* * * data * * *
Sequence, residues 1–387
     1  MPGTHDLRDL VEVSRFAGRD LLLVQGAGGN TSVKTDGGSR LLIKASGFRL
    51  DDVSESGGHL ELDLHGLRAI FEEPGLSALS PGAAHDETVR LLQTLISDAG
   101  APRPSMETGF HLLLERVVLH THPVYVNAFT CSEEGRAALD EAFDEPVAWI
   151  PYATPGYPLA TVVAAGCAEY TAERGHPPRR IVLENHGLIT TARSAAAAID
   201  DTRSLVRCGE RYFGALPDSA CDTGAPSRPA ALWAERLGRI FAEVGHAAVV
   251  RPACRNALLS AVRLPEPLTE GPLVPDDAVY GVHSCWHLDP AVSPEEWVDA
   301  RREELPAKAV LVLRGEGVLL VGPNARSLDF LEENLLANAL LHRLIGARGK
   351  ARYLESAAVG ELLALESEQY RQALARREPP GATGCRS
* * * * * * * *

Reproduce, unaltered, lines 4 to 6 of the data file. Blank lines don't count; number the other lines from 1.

   101  APRPSMETGF HLLLERVVLH THPVYVNAFT CSEEGRAALD EAFDEPVAWI
   151  PYATPGYPLA TVVAAGCAEY TAERGHPPRR IVLENHGLIT TARSAAAAID
   201  DTRSLVRCGE RYFGALPDSA CDTGAPSRPA ALWAERLGRI FAEVGHAAVV